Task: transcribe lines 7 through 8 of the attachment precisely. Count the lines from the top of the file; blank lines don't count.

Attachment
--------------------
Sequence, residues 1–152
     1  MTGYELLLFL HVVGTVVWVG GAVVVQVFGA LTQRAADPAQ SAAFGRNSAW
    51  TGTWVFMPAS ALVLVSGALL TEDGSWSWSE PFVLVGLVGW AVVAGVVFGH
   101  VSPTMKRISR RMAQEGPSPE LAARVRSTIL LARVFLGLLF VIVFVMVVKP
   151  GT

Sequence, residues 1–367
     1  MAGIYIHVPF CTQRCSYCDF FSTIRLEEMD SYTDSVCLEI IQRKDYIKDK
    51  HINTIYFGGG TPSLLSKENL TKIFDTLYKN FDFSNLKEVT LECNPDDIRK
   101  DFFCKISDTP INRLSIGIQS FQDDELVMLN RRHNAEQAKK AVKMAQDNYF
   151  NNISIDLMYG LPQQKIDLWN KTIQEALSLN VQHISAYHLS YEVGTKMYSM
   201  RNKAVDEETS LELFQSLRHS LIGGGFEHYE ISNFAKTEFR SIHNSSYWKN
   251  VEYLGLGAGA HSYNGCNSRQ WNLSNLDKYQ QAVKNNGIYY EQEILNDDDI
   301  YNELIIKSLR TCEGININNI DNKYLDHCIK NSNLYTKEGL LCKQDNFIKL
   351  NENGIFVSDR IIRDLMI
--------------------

     1  MAGIYIHVPF CTQRCSYCDF FSTIRLEEMD SYTDSVCLEI IQRKDYIKDK
    51  HINTIYFGGG TPSLLSKENL TKIFDTLYKN FDFSNLKEVT LECNPDDIRK